Xolelwa was of the view that her dismissal was unfair, and she lodged an unfair dismissal dispute at the CCMA.
The arbitrator acknowledged that Xolelwa’s failure to wear the correct colour hairpin, in and of itself, was only a breach of a minor rule governing the wearing of hair accessories. However, she had been dismissed for “serious, persistent and deliberate” insubordination. The arbitrator dismissed Xolelwa’s submission that she was in fact unaware of the policy, as on a previous occasion when she had worn the wrong colour hairclip, she had removed it without question. When originally instructed to remove her hairpin on this occasion, she had demanded an explanation from the supervisor why she should do so.
The supervisor’s instruction to remove the hair pin had been repeated several times, after which “an audible altercation arose between them in full view of customers and other staff”. This altercation caught the attention of the manager who called them both to his office. The manager then instructed Xolelwa to remove her hairpin; once again, she refused to do so, shouting at the manager, and alleging that the he was victimising her.
According to Xolelwa, she felt that she needed the hairpin in the same way that she needed her glasses. Unsurprisingly, the arbitrator concluded that simply wearing the correct colour hairpin would have resolved the problem.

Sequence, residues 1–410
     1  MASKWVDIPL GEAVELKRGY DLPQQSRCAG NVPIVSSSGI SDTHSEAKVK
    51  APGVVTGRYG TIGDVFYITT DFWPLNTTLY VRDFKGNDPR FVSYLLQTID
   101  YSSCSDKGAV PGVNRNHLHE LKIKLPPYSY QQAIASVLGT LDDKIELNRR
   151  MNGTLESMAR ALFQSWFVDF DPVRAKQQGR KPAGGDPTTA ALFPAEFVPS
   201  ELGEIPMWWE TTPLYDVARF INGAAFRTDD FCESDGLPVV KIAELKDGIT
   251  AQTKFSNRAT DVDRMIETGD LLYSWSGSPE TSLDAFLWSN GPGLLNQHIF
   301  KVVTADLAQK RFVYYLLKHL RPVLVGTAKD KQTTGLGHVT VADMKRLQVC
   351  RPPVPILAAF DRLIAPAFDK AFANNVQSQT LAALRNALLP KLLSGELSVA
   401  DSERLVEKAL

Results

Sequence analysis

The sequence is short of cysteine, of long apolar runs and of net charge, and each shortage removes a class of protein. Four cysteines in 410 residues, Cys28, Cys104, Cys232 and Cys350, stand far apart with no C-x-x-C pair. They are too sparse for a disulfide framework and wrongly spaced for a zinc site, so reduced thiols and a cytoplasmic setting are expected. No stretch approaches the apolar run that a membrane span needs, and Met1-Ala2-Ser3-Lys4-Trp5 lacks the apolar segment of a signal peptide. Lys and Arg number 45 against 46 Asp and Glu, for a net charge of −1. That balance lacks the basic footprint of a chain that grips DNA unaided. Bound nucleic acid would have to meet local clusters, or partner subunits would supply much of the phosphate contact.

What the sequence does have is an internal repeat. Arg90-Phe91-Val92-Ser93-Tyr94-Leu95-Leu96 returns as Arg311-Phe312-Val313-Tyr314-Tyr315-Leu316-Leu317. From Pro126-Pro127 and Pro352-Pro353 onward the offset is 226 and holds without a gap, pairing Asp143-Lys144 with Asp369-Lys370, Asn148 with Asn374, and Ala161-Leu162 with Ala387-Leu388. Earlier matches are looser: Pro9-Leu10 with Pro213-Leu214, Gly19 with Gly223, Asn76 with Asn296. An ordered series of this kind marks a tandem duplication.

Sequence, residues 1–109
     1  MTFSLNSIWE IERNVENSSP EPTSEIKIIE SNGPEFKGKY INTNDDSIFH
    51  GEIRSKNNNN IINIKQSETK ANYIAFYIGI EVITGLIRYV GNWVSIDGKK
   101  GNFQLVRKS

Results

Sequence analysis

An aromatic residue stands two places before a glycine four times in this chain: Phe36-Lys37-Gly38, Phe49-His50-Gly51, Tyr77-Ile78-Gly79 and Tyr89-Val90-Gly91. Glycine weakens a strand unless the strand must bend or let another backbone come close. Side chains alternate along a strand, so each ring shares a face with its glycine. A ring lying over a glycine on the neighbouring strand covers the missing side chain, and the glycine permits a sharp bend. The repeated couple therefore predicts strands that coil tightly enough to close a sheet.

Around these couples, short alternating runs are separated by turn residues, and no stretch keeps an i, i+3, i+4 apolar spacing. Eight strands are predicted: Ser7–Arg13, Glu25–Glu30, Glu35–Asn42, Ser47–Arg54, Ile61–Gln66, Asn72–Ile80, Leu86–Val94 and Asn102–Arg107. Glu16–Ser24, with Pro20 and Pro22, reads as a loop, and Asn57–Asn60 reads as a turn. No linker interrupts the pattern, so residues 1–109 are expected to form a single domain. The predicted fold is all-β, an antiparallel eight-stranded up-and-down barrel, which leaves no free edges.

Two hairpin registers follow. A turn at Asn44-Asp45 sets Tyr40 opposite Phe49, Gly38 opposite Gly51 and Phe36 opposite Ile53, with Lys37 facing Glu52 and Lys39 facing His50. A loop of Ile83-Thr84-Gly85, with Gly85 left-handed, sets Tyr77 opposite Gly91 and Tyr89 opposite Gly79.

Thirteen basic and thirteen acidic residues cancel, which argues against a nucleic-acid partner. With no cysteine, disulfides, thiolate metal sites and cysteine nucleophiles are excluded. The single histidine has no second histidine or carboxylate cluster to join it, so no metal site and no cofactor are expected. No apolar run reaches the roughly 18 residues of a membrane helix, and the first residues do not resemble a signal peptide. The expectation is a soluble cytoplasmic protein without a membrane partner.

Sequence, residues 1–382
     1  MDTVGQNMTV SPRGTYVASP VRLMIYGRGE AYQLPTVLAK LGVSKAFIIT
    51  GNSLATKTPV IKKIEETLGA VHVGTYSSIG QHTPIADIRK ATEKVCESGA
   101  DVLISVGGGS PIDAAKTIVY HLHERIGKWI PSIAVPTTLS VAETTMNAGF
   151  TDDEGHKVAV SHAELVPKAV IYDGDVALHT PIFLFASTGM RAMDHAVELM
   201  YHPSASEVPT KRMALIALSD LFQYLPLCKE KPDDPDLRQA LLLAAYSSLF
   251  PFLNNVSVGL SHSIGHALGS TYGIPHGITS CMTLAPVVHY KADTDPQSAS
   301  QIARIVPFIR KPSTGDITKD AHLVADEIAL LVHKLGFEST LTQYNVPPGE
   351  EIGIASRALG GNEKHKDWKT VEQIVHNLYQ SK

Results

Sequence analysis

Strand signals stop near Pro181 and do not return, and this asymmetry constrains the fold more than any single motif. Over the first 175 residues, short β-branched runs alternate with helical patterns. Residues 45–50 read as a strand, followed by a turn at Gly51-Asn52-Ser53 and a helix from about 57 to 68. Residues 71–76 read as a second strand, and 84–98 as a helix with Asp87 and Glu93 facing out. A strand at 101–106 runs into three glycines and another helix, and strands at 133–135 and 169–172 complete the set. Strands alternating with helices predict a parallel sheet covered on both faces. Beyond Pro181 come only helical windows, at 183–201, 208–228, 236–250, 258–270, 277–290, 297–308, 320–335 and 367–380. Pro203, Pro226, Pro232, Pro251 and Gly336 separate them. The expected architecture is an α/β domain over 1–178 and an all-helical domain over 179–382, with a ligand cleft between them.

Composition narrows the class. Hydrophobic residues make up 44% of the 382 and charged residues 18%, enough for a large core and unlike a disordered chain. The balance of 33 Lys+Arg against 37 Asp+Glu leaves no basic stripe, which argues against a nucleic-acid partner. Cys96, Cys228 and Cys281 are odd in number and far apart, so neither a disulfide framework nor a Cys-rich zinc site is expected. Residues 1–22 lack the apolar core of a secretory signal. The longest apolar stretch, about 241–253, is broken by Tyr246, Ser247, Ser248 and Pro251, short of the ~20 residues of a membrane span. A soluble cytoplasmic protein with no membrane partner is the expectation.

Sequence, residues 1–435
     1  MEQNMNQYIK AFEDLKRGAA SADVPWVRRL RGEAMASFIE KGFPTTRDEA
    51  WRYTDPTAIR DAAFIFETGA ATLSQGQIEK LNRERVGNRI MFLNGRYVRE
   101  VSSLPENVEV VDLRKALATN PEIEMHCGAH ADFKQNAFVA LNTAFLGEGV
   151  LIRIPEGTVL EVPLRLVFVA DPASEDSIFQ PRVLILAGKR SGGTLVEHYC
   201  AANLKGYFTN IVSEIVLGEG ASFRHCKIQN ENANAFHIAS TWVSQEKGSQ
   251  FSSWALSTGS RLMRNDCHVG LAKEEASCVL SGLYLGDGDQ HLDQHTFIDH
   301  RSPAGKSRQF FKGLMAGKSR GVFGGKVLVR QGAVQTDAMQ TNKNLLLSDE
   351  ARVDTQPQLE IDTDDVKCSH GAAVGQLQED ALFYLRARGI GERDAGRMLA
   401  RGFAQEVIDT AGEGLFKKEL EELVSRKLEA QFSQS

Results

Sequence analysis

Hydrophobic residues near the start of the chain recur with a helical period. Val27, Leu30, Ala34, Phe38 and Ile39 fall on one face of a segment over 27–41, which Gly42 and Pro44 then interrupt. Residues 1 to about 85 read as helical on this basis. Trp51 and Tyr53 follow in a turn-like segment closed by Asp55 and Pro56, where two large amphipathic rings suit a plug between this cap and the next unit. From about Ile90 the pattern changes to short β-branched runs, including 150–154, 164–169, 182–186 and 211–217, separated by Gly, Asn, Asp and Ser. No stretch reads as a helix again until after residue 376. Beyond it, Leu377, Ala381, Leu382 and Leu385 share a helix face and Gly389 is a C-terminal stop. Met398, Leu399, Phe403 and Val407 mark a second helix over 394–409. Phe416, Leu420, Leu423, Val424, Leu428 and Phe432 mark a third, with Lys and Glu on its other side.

The arbitrator further found that Xolelwa “must have realised that her defiant refusal to carry out the instruction even when it was issued a number of times, was putting her job at risk. She could easily have complied. It was not merely a failure to carry out a reasonable instruction but her deliberate and persistent challenge” to management’s authority to issue such an instruction, remembering that this took place in full view of customers and other staff members, intentionally undermining company discipline.
The arbitrator found Xolelwa’s expectation that she only be issued a final written warning “misconceived the seriousness of her insubordination”, and the employer could not be expected to tolerate such persistent and defiant defiance.
As such, the arbitrator held that her misconduct justified dismissal, noting that “The Applicant’s refusal to carry out a very simple instruction shows her defiant attitude to the authority of her manager, which she repeat when the store manager instructs her to remove the hairpin. This was preceded by her written warning for being insolent to a different manager that same month. The Applicant remained obstinate and argumentative at the disciplinary inquiry, and at arbitration never once conceding that she may have been in breach of the company’s uniform policy. To have been so recklessly insubordinate while on a written warning for insolence towards another manager, suggests an entrenched pattern of defiant behaviour towards management which, from the company’s point of view, makes continued employment intolerable”.